Blogging the Human Genome

How Yam Farming Contributed to the Rise of Sickle-Cell Anemia
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July 25 2012 6:00 AM

Blogging the Human Genome

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How yam farming contributed to the rise of sickle-cell anemia.

Blogging the Human Genome Entry 14

Illustration by Andrew Morgan

One fundamental insight from the last few decades of genetics is that nature and nurture aren’t opposites—they’re complementary. That is, it’s often meaningless to talk about a genetic trait without also discussing the environment in which that trait appears. Sometimes, genes don’t work at all until the environment awakens them.

Take perfect pitch. Perfect pitch is the ability to hear the B-flat above middle-C, or the F-sharp at the top of the treble clef, or any other note, and name it instantly, even without a reference note. Plenty of studies have found a genetic component to perfect pitch (also called absolute pitch). And while there probably isn’t a single perfect pitch gene, a few scientists have located stretches of DNA, including two on chromosome 8, common in Europeans with absolute pitch.

Even a strong chromosome 8 doesn’t guarantee perfect pitch, though, and perfect pitch remains relatively rare among Europeans overall. By contrast, people who grew up speaking tonal languages, like Chinese, develop absolute pitch much more often. With tonal languages, changing the pitch of a word changes its meaning. So a high, squeaky “ma” can mean something different from a bass “ma,” and rising or falling pitches can change the meaning yet again. In other words, unlike with English, you can’t be utterly tone deaf and speak these languages well.

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Still, even tonal language speakers can’t just expect to have perfect pitch—the environment sometimes needs to do more to turn this DNA on. Musical training before about age 6 probably plays a critical role, for instance. Overall, it seems that some (and perhaps all) people have a window to develop perfect pitch when they’re quite young. The size of that window might vary depending on their genes, but their linguistic or musical milieu must stamp the talent into their brains at some point. Otherwise, once the window shuts, neither a genetic predisposition nor hard work can pry it open again.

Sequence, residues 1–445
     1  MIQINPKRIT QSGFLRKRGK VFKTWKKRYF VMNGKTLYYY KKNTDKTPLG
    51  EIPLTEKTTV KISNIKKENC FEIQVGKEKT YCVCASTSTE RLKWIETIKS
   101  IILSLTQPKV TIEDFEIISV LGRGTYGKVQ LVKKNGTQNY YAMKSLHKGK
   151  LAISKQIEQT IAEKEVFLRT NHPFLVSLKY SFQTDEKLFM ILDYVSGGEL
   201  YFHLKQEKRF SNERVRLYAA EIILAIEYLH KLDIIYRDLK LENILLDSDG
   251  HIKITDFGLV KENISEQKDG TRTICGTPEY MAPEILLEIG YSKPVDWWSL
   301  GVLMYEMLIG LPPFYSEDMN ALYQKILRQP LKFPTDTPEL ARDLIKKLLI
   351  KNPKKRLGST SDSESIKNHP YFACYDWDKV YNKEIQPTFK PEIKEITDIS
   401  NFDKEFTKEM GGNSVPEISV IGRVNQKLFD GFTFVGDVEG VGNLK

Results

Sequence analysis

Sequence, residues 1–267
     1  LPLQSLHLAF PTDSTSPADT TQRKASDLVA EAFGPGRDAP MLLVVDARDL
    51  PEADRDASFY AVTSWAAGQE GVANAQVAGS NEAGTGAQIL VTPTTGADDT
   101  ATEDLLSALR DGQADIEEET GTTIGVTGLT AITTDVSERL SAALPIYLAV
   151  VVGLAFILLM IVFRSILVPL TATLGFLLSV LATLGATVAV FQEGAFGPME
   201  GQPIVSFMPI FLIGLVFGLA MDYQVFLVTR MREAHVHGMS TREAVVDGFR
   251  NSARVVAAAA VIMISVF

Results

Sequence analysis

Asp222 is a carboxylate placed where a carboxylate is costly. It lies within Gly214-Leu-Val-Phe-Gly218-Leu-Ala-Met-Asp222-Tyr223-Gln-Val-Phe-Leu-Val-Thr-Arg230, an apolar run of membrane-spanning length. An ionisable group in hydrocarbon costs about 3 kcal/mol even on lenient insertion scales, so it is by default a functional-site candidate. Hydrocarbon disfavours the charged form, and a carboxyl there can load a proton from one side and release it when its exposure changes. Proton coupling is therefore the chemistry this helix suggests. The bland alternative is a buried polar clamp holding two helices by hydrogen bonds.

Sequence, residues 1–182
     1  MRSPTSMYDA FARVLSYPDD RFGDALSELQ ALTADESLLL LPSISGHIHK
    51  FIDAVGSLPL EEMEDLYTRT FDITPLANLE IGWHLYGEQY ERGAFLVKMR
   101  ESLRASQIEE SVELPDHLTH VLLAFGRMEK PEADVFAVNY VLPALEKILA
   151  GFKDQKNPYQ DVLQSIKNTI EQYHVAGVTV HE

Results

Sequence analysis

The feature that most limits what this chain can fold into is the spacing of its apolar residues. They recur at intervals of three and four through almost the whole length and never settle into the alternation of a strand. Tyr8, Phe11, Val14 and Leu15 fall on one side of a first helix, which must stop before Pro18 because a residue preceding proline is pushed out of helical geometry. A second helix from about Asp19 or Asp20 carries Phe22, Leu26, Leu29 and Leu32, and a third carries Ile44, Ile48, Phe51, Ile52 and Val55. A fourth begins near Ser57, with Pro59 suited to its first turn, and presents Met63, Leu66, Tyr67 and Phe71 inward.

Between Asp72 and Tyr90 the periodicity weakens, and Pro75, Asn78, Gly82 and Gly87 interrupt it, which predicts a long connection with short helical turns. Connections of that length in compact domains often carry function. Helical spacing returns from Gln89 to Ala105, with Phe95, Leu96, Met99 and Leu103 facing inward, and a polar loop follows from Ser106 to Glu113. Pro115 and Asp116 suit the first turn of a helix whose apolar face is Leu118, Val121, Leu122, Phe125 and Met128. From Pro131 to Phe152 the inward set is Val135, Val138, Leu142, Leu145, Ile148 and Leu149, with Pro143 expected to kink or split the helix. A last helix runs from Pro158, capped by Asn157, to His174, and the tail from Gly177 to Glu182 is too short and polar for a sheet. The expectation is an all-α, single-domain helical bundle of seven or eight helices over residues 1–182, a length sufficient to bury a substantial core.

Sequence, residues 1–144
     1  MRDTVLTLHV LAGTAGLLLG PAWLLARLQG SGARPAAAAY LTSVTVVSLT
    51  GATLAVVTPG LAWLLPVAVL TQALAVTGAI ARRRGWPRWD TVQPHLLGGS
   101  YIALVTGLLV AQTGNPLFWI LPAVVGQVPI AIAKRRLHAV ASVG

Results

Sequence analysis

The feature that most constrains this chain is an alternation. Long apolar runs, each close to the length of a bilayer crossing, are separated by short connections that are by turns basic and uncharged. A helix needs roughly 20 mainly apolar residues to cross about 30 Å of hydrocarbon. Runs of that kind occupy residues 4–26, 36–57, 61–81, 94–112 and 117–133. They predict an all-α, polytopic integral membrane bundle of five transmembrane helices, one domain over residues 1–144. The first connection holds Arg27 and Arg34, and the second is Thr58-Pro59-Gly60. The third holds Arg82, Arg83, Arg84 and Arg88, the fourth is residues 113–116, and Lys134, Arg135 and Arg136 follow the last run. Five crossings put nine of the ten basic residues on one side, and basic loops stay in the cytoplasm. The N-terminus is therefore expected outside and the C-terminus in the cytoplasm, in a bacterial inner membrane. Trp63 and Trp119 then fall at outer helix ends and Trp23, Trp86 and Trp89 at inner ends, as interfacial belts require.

In some cases, genes and the environment do more than just interact—they evolve together. We know that genes shape human cultures and human societies: The DNA we inherited from our ancestors makes certain foods taste better, affects the way we care for children, influences what colors we find vibrant, and contributes to our love of socializing, among other examples. But there’s also good evidence that culture bends back and shapes human genes in turn. Genes and culture, in other words, can “co-evolve” and change in tandem.

One profound example of co-evolution involves chromosome 11. Thousands of years ago, various tribes in West Africa began clearing out the dense, ancient forests near their homes and cultivating plots to grow yams and other crops. Their strategy worked well—the yams thrived, becoming a dietary staple—but had an unintended side effect. The old forests had slurped up excess rain quite well; the bare farmland did a poorer job, and left standing pools of water that attracted hordes of mosquitoes.

Mosquitoes harbor diseases, especially malaria, which became endemic among Africans there, and the tribes had to come up with genetic defenses to survive. One mutation in particular seemed to help, an A→T swap on the hbb gene on chromosome 11. This mutation changed the shape of some red blood cells, making them less like a disc (the normal shape) and more like a crescent. This in turn helped prevent malaria, which parasitizes red blood cells, from getting a foothold. As a result, the mutated hbb gene began to spread in the region, following the clear-cutting yam farmers wherever they expanded.

Unfortunately, when the mutated, crescent-cell-producing gene became relatively common, people started having children with two copies of it. And while having one copy still provided resistance to malaria, having two copies proved deadly, since the crescent, or sickle-shaped, blood cells died off prematurely, and also jammed up inside small blood vessels. Today we call this condition sickle-cell anemia. The hbb mutation never would have wreaked such havoc among these tribes if not for the ancient decision to farm yams so intensely.

Cultural choices have expanded or contracted many other genetic traits as well. Different prehistoric diets (including the introduction of cooking) probably changed our teeth and jaw structures, farming starchy foods probably intensified the concentration of certain enzymes in our saliva that digest starch, and domesticating cattle and other milk-producing animals probably led to what by all rights should be called lactose tolerance (not lactose intolerance, since adults who can digest milk are the mutated weirdos). Many superficial human features, like eye color, also responded strongly to cultural cues about what different groups found attractive. In fact, modern civilization has curbed the ancient threats to our survival—exposure, droughts, starvation, predators, parasites—so well that culture probably shapes our genes as much or more than anything else nowadays.

Sam Kean is the best-selling author of The Disappearing Spoon and The Violinist’s Thumb. His new book, The Tale of the Dueling Neurosurgeons, comes out May 6.

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